Sisters launch billboard campaign for immigration reform


By Barb Arland-Fye

Sister Janice Cebula, president of the Sisters of St. Francis, Clinton, (second from left) reads the statement declaring the need for “Immigrant Welcoming Communities” and comprehensive immigration reform at a prayer service held Monday at Ninth Avenue South and Third Street in Clinton. This is one of 19 billboards and 1,000 posters that dot Iowa with the same message this month. Similar services were held Monday in Dubuque, Cedar Rapids, Davenport, Des Moines and in Sinsinawa, Wis.

Billboards bearing a message of compassion for immigrants in the style of the popular Messages from God promotions are on display in Iowa in preparation for the Jan. 3 caucuses.
Borrowing from a verse in Matthew’s Gospel (25: 35), the billboards read: “I was a stranger an immigrant and you welcomed me.” Sisters from 10 religious communities in the Upper Mississippi River Valley paid to have the billboards erected Dec. 12 — the feast day of Our Lady of Guadalupe. On that date five years ago, federal immigration agents investigating identity theft raided Swift & Co. meatpacking plants in Marshalltown, Iowa; Cactus, Texas; Grand Island, Neb.; Greeley, Colo.; Hyrum, Utah; and Worthington, Minn.

The billboard campaign provides an opportunity to make reparations for the abuses of civil and human rights that occurred during the feast day raid and a later raid in Postville, Iowa, said Sister Johanna Rickl, vice president of the Congregation of the Humility of Mary in Davenport. Her community supports the campaign, which includes prayer services and a statement from Sisters of the 10 religious communities. Billboards have been placed in the Quad Cities, Des Moines, Dubuque, Cedar Rapids, Sioux City and Clinton, and will remain in place through early January.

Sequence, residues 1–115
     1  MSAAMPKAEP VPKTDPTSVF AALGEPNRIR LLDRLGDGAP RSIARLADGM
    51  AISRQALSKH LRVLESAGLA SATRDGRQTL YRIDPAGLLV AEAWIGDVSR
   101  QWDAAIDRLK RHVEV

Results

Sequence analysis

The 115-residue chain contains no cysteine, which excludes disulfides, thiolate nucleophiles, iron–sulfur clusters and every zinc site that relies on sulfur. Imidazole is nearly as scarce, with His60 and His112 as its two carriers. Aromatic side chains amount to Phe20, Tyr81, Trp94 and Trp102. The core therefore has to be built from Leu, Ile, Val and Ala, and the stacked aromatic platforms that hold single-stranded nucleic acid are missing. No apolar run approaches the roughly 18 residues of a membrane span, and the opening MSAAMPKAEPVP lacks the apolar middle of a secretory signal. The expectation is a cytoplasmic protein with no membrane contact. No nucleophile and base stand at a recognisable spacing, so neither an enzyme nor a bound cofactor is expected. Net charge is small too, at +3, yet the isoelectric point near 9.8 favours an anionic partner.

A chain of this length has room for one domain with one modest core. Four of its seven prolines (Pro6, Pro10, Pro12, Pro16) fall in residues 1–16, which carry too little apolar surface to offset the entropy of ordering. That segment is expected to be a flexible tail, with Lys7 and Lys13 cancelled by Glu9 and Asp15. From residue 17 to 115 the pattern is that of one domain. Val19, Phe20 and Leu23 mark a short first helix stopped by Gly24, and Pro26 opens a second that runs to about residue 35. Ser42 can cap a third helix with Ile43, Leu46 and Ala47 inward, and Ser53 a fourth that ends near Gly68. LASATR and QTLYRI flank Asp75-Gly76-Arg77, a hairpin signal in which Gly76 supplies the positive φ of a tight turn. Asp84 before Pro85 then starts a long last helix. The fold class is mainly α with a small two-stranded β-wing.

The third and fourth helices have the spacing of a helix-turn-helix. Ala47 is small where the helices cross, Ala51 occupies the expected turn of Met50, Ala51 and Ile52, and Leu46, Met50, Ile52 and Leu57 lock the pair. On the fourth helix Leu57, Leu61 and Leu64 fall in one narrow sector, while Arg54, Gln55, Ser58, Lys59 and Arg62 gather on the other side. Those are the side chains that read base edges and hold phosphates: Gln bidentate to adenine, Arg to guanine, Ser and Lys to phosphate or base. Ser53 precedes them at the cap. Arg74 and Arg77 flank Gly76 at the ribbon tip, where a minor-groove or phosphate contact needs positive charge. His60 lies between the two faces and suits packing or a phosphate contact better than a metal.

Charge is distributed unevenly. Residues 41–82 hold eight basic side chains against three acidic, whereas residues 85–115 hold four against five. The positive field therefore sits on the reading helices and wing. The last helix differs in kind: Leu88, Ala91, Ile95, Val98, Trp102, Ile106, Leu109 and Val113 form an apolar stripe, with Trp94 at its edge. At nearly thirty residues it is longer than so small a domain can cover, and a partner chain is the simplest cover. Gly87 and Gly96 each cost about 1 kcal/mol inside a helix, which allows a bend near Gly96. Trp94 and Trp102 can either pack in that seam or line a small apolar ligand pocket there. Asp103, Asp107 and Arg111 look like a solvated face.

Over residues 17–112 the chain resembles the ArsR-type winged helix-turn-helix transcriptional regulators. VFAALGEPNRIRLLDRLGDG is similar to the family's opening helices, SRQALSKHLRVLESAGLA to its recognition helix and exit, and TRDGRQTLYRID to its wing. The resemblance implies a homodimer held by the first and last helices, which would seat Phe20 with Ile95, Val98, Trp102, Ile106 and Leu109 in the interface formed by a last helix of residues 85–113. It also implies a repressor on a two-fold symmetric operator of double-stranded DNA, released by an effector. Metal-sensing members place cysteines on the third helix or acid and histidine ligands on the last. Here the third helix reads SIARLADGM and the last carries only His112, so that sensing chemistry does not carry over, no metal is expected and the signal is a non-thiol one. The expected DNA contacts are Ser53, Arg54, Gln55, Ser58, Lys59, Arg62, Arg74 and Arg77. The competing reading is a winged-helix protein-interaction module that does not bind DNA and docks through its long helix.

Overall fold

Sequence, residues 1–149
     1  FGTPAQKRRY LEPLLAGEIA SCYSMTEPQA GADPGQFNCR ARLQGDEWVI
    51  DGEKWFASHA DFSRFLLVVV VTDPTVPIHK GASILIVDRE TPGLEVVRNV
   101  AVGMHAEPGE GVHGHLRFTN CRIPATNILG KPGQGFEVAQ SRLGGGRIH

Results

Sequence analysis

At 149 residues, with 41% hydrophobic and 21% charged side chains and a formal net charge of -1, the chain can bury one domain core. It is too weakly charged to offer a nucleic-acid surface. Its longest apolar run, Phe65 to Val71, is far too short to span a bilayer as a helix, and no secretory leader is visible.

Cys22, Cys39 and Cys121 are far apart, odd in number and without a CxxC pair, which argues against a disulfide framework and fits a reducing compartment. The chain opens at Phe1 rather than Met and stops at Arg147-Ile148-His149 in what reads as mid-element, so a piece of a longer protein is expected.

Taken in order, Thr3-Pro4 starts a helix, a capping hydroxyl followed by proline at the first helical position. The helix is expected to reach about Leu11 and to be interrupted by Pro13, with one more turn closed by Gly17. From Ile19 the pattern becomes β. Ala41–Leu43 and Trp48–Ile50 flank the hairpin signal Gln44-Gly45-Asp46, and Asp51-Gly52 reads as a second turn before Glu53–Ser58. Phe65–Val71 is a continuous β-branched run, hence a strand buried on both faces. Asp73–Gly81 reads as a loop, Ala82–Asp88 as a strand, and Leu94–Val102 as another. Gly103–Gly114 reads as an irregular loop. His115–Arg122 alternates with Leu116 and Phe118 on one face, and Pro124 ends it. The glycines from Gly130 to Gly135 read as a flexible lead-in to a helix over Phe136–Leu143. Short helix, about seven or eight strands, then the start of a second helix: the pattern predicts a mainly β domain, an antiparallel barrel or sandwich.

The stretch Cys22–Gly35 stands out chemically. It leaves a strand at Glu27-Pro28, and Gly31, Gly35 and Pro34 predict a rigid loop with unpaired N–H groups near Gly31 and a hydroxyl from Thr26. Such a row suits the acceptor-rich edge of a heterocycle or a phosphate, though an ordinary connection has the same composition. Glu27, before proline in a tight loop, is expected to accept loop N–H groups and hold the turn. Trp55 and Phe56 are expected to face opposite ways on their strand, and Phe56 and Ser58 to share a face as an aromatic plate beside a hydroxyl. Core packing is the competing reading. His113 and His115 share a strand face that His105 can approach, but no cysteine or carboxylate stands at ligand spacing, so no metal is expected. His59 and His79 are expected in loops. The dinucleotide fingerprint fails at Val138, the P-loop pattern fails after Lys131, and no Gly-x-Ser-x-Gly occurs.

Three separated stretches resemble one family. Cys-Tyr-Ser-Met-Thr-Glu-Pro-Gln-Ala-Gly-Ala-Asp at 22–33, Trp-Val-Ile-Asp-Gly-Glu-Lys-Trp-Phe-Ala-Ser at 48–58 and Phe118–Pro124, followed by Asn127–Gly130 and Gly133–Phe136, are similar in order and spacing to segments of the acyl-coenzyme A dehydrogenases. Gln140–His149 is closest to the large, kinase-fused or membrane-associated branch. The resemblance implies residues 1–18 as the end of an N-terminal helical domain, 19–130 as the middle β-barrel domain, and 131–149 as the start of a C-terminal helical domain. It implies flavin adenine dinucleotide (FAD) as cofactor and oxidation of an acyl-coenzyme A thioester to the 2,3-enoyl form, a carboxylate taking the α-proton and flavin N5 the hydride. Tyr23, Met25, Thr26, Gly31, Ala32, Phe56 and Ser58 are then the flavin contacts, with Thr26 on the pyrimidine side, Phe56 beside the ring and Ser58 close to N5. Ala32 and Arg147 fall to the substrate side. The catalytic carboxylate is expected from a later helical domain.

“We declare ourselves ‘Welcoming Communities’ in affirmation of our Catholic tradition that holds sacred the dignity of each person,” the Sisters said in their statement, “and we invite other communities and people of faith to join us in becoming ‘Immigrant Welcoming Communities’ through prayer, reflection, education and action.”


Welcoming Communities draws attention to the need for comprehensive immigration reform and responds to the government’s “Secure Communities” program that the Department of Homeland Security established in 2008 as part of its overall enforcement strategy.

The Secure Communities program “has transformed local police officers into a primary gateway for deportation,” said Sister Janice Cebula, president of the Sisters of St. Francis, Clinton. “The results in many parts of the country have been hundreds of thousands of detentions and deportations, serious civil and human rights concerns, due process violations and damaged trust between immigrant communities and local police,” added Sr. Cebula. Her community supports the campaign and she contributed to writing the statement.

Sisters conducted a billboard campaign nearly a decade ago with the slogan “Remember the Immigrant You Once Were.” Its success inspired the Sisters’ communities to develop another campaign using a concept similar to the popular God billboards, explained Lisa Martin, communications director for the Humility Sisters. She’s also a member of Sisters United News (SUN) which organized the Sisters’ campaign.